This is one of the “friends” who was complicit in the whole, “Let’s get high at your mother’s wake” plan. At no point did I ever feel like any of her friend’s gave a single shit about her mother - at all. When they show up on their doorstep at the beginning, Hannah doesn’t even seem to know who they are. But apparently, unbeknownst to us, this one teenage girl had a real surrogate mother/daughter thing going on with Hannah. Something never brought up until the very last scene just so Hannah-Sam can tell us with a wink that she’s permanently hijacked her daughter’s body.

#Momoftheyear

Her friends were terrible people. Just terrible. They were so damn insensitive to her mother's death. I have a 16 year old son, they don't act that way.

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8 minutes ago, hotironskillet said:

Her friends were terrible people. Just terrible. They were so damn insensitive to her mother's death. I have a 16 year old son, they don't act that way.

My dad died while in high school and about 3-4 months later (I went through a big haze the semester following and can't keep track of what happened when) I was really depressed and a friend asked what was wrong and I obviously replied, "I'm just really sad about my dad," and she said, "Hasn't it been long enough?" (I now can't even remember the exact quote but I definitely remember thinking "she's right I should shut up about it." IT WAS ONLY 3-4 MONTHS LATER.)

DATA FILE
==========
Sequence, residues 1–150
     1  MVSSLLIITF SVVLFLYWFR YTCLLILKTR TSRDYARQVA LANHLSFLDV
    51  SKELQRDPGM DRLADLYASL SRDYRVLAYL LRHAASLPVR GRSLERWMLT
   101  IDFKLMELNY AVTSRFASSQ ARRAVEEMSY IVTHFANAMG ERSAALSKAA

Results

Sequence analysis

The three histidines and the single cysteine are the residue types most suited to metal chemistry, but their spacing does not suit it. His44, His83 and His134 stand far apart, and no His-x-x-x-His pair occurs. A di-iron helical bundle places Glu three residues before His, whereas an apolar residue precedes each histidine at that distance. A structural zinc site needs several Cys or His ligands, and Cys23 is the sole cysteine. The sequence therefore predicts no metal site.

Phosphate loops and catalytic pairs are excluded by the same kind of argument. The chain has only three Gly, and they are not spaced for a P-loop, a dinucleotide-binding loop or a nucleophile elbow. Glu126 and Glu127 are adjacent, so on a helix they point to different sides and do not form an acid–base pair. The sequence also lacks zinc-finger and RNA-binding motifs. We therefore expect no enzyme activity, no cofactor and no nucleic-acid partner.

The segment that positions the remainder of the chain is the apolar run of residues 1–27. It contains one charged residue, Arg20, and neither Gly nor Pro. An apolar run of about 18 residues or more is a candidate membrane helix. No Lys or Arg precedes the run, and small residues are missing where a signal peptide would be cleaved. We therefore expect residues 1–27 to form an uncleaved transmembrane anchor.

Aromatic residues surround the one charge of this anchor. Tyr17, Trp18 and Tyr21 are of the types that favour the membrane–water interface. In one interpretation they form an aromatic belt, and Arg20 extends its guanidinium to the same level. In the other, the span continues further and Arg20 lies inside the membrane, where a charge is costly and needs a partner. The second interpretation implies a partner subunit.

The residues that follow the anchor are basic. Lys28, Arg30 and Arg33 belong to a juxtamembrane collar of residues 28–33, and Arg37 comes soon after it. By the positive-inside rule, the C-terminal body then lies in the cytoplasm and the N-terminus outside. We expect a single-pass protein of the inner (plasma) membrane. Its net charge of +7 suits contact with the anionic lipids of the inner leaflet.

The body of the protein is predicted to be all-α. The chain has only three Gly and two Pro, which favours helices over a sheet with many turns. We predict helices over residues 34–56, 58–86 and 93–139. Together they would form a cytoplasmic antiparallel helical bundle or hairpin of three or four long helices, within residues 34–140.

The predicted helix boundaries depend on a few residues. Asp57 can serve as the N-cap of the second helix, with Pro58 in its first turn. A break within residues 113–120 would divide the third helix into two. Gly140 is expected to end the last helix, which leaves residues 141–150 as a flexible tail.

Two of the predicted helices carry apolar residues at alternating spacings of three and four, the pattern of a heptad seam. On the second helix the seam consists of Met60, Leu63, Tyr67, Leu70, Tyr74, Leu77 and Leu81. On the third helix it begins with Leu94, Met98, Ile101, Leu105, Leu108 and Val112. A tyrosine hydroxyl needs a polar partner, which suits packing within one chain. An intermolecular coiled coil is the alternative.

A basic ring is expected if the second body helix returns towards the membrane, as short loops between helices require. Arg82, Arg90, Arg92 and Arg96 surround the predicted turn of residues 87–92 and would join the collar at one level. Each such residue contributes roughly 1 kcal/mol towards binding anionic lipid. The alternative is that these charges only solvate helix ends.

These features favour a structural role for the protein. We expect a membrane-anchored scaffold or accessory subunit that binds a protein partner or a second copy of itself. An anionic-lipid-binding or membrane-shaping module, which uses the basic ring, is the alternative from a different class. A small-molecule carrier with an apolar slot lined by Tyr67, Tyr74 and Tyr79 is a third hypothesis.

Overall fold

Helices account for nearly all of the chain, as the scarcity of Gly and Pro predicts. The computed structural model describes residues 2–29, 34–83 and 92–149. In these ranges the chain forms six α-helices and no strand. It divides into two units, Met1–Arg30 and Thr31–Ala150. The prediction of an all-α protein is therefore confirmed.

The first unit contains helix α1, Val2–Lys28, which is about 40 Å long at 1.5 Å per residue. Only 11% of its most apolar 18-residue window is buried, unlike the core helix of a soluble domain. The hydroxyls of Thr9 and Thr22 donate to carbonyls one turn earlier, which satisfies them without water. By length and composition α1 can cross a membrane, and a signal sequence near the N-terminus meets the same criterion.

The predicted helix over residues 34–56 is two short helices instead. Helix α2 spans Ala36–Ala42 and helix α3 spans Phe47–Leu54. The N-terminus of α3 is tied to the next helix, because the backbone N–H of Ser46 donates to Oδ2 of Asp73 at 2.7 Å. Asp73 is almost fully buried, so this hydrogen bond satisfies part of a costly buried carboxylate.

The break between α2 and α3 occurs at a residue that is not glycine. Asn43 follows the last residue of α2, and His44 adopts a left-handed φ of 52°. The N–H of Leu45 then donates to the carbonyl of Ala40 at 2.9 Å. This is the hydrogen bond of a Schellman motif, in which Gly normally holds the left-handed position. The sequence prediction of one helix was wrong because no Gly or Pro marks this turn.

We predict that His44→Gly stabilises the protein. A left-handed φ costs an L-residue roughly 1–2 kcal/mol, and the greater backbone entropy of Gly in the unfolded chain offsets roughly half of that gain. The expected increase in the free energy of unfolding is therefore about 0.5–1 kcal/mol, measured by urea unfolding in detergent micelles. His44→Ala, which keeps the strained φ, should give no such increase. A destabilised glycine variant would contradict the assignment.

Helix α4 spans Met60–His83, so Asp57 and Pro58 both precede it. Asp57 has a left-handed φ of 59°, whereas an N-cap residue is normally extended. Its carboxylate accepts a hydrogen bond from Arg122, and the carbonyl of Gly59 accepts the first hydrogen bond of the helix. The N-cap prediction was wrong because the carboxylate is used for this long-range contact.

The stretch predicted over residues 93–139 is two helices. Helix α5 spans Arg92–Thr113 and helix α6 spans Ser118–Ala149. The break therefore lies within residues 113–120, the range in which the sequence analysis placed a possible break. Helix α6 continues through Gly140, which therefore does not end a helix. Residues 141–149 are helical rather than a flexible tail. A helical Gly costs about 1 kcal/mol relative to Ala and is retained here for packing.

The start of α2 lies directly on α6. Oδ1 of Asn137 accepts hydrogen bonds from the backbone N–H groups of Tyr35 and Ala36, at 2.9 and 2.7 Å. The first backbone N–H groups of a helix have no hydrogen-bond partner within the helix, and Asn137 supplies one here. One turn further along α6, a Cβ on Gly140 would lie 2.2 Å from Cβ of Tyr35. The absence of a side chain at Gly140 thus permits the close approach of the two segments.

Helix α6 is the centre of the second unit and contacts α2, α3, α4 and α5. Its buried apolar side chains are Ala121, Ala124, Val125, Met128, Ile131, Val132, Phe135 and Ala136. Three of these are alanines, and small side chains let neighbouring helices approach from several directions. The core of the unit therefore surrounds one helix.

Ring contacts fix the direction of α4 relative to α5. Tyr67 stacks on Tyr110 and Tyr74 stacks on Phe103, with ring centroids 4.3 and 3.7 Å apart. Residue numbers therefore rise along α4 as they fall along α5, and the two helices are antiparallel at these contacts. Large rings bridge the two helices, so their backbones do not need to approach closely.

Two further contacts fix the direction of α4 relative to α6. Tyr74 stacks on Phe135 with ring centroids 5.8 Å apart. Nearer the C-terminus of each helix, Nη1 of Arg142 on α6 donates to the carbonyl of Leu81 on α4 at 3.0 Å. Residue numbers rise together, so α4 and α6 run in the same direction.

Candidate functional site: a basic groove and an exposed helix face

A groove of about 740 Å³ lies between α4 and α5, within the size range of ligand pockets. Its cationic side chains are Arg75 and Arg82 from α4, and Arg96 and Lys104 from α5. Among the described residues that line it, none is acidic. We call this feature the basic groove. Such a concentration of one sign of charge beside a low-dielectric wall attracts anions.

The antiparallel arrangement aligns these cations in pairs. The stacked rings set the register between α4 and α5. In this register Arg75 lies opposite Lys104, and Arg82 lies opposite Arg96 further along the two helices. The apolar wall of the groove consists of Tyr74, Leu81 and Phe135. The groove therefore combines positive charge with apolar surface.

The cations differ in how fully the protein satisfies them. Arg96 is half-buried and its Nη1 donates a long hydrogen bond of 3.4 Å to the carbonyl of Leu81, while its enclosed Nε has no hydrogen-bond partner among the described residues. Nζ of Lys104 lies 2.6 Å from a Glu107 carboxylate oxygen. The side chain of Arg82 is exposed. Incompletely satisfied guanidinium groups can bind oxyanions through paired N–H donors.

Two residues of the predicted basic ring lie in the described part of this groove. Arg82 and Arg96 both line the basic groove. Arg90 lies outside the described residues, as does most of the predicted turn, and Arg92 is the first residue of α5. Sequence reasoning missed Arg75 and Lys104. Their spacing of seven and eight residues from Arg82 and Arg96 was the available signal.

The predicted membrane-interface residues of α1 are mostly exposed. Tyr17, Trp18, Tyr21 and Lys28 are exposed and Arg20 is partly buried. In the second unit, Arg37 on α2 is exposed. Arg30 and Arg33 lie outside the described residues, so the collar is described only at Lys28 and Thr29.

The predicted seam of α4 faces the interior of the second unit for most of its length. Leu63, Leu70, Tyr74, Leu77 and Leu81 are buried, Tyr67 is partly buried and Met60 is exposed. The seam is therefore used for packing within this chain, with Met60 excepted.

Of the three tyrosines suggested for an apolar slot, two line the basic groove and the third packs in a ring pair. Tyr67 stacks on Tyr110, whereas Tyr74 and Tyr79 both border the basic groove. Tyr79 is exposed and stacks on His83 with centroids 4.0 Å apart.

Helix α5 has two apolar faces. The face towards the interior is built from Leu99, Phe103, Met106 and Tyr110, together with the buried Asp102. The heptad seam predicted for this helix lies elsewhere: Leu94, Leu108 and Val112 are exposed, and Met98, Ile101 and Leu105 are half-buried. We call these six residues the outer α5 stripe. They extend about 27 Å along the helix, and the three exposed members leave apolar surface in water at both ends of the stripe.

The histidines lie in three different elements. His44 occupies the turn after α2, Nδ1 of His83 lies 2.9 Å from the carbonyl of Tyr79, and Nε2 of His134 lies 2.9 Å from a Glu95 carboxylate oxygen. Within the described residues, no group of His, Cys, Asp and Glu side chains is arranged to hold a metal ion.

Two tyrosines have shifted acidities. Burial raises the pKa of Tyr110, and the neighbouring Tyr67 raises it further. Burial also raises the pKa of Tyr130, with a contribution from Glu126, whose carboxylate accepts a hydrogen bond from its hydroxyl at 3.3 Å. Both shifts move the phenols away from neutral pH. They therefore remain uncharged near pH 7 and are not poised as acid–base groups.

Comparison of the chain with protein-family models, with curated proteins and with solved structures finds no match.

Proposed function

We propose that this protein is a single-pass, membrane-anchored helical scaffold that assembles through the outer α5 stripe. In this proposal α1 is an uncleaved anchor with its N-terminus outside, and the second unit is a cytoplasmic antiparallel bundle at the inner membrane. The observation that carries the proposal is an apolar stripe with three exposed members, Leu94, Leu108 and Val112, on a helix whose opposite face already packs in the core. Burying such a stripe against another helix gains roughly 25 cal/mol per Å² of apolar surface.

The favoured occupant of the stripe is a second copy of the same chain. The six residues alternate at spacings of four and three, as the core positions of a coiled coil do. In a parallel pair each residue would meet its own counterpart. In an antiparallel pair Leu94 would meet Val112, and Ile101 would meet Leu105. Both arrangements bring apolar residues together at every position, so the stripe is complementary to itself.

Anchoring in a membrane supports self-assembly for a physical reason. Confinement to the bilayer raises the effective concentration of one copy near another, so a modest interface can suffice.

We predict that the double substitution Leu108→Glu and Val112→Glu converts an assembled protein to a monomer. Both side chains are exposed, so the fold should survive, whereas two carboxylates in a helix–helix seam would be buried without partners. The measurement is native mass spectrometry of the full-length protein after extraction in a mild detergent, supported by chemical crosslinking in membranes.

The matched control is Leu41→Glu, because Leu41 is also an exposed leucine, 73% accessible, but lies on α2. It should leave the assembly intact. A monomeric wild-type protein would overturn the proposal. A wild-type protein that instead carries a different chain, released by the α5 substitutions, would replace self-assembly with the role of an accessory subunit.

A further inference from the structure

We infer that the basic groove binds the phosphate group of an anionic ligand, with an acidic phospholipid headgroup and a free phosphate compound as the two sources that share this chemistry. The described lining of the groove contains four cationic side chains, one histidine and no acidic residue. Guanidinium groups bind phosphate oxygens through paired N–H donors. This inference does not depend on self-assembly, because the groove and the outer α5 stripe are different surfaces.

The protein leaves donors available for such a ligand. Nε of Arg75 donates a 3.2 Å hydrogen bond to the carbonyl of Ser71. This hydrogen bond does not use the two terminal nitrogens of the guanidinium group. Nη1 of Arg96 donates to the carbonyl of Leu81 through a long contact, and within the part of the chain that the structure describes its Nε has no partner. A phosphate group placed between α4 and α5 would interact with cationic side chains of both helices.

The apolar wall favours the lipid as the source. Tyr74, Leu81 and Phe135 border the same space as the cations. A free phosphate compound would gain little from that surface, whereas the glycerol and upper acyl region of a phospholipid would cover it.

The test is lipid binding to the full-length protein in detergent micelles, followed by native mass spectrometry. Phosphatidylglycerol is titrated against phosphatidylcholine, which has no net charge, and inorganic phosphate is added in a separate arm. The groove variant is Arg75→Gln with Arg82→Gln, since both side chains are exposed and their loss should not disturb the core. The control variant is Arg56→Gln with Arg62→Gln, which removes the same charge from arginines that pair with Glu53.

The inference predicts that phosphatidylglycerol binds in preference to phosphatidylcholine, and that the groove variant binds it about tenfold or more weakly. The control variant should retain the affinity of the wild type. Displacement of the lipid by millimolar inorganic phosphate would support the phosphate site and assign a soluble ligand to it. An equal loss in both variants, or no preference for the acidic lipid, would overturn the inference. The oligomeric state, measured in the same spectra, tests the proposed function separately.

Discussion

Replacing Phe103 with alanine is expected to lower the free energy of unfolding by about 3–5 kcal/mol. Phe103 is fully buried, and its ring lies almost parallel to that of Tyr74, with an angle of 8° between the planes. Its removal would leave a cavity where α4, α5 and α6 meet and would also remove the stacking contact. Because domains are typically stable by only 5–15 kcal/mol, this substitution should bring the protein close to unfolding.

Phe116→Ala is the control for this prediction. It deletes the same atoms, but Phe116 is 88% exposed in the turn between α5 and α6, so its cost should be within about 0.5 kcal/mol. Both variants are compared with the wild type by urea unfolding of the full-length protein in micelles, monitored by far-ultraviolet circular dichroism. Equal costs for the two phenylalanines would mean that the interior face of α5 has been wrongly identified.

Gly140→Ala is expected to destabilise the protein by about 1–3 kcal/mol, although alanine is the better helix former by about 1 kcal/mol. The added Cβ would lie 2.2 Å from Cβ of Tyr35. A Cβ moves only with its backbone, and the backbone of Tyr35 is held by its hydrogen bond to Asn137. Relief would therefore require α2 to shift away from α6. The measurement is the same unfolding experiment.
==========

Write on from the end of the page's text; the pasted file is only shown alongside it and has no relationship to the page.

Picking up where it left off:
Your son has way better friends lol.

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37 minutes ago, hotironskillet said:

As a librarian, I can confidently tell you that there are people out there that do Google searches that are as bad as the "scientific research" search that Duchovney did. I am constantly amazed at what kind of bad search terms people use.

Please tell us some!

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Listening to this episode, I decided I want a movie that is basically a shared universe of all the bodyswap movies ever made. Jodie Foster and Lindsey Lohan and Fred Savage and Charlie Schlatter and Steve Martin and Lily Tomlin and Rachel McAdams and Rob Schnider and...I could go on and on and on.
 

I want to see the Body Swap survivor support group film.

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3 minutes ago, EvRobert said:

Listening to this episode, I decided I want a movie that is basically a shared universe of all the bodyswap movies ever made. Jodie Foster and Lindsey Lohan and Fred Savage and Charlie Schlatter and Steve Martin and Lily Tomlin and Rachel McAdams and Rob Schnider and...I could go on and on and on.
 

I want to see the Body Swap survivor support group film.

I have to C&O your post real quick because that Freaky Friday is iconic for my generation and it was most definitely Jamie Lee Curtis.

giphy.gif

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1 minute ago, taylorannephoto said:

I have to C&O your post real quick because that Freaky Friday is iconic for my generation and it was most definitely Jamie Lee Curtis.

giphy.gif

Jodie Foster was in the Lindsey Lohan role in the 70s Barbara Harris was in the Jamie Lee Curtis role